People with no address

by Emanuele Siracusa

With about 4 million members in more than 300 different communities, the nomadic population of the State of Gujarat in India is quite substantial and diverse. In the past, each nomadic community used to provide a specific service to the community: many groups specialising in performing – they were musicians, fire-eaters, snake charmers, acrobats, whereas other tribes would carry out manual work (eg. Iron-smiths, knife sharpeners, bamboo artisans.) Technology and industrialisation have contributed to the collapse of the demand of such services, threating the survival of their culture and traditions, and what’s worse – eroding their livelihood.

The level of literacy among these tribes is negligible and therefore it’s being hard for nomads to move on to other jobs and pursue alternative sources of income. Plus they’re often victims of prejudice and discrimination, which created even more hurdles. As if that wasn’t enough, there’s no record of their existence as individuals in the civil registry, which ultimately means they have no IDs, they can’t vote, and have no access to the health or welfare system.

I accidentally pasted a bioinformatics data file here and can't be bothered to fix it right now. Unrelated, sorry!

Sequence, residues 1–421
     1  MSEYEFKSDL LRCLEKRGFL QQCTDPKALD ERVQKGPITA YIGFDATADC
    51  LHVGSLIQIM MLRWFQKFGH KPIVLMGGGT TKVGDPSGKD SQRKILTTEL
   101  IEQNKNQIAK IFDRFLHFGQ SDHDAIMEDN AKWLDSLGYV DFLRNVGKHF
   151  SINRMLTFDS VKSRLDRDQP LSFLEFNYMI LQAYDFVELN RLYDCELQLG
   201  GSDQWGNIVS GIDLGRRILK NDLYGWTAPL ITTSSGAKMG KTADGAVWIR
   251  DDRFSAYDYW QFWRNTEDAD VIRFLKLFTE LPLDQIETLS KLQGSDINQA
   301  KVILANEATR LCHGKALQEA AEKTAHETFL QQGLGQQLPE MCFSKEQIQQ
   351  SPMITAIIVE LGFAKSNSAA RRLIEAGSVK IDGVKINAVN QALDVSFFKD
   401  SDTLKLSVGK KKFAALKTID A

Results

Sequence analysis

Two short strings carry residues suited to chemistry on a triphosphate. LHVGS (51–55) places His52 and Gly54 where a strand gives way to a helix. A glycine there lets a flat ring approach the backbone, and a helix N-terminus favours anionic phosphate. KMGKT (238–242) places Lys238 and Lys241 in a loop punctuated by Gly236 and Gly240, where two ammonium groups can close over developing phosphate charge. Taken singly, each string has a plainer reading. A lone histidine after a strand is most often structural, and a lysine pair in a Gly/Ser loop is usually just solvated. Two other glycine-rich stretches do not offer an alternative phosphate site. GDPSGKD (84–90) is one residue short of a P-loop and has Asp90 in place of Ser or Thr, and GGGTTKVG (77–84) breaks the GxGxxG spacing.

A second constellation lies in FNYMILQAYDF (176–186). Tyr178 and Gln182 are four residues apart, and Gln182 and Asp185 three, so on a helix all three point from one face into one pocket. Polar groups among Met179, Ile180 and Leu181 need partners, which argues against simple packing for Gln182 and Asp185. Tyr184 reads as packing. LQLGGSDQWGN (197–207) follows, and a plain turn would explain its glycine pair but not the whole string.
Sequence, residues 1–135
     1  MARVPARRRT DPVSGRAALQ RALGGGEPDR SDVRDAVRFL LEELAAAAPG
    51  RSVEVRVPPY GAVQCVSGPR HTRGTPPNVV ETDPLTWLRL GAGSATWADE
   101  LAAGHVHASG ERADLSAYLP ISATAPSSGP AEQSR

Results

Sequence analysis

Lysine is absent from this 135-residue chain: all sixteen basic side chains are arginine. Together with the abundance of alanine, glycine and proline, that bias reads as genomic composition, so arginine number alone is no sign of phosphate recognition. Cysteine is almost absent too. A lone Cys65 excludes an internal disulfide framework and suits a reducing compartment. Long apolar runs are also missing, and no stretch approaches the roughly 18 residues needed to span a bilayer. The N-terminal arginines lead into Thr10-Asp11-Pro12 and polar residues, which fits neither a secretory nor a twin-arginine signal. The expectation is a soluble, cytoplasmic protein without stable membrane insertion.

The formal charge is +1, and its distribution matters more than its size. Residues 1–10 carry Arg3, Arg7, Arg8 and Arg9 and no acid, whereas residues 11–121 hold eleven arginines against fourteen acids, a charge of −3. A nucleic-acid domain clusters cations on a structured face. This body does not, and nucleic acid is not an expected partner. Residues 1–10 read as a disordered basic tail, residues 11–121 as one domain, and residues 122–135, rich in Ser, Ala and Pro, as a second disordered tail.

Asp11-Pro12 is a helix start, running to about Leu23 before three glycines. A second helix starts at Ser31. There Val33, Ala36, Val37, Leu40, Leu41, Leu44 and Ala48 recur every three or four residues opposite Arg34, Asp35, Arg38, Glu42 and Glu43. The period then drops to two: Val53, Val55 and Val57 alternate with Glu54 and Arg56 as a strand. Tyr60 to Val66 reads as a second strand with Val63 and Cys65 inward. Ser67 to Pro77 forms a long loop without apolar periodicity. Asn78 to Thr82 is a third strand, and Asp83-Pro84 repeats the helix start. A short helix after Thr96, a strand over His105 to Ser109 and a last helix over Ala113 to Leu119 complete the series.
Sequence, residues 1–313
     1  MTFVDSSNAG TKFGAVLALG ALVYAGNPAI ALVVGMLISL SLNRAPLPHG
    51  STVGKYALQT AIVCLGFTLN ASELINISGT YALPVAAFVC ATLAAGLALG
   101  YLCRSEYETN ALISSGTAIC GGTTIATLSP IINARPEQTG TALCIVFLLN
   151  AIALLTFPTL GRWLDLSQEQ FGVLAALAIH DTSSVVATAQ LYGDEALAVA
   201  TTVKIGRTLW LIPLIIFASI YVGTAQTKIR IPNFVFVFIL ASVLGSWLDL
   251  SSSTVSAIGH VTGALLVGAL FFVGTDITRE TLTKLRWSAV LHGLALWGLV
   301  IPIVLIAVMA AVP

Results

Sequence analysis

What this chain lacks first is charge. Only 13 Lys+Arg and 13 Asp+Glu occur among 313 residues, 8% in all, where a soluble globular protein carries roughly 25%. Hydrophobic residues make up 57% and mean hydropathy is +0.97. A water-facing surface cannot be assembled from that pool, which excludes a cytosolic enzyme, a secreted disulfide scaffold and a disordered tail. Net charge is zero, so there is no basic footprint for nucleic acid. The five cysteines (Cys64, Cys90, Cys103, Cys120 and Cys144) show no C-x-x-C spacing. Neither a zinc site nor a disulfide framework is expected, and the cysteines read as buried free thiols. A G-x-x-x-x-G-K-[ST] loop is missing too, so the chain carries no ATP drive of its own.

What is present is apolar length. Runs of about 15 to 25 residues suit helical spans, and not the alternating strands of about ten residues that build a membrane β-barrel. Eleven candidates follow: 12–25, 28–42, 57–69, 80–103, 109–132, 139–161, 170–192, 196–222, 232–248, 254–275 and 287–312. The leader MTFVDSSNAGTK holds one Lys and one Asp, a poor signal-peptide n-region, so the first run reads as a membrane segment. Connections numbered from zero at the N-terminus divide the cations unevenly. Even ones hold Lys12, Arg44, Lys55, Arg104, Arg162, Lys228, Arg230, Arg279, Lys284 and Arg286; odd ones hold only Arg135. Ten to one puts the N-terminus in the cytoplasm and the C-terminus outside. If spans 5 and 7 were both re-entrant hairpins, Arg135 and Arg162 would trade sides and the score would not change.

A number of NGOs, including Ahmedabad based VSSM, managed by former journalist Mittal Patel, are fighting for the upliftment of  the nomadic communities of Gujarat. Interventions carried out include establishing informal schools in settlements, helping children access normal schools, helping adults getting ID, voter cards and housing benefits, and providing professional skills training to facilitate access to the job market.

© Emanuelle Siracusa, Soul Frames Collective